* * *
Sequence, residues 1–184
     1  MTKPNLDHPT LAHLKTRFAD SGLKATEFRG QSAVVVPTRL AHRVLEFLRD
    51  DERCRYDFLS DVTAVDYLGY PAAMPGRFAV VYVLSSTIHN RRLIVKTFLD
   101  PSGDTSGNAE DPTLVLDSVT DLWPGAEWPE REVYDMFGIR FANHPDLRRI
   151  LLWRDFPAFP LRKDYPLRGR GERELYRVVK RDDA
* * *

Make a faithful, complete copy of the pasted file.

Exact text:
Sequence, residues 1–184
     1  MTKPNLDHPT LAHLKTRFAD SGLKATEFRG QSAVVVPTRL AHRVLEFLRD
    51  DERCRYDFLS DVTAVDYLGY PAAMPGRFAV VYVLSSTIHN RRLIVKTFLD
   101  PSGDTSGNAE DPTLVLDSVT DLWPGAEWPE REVYDMFGIR FANHPDLRRI
   151  LLWRDFPAFP LRKDYPLRGR GERELYRVVK RDDA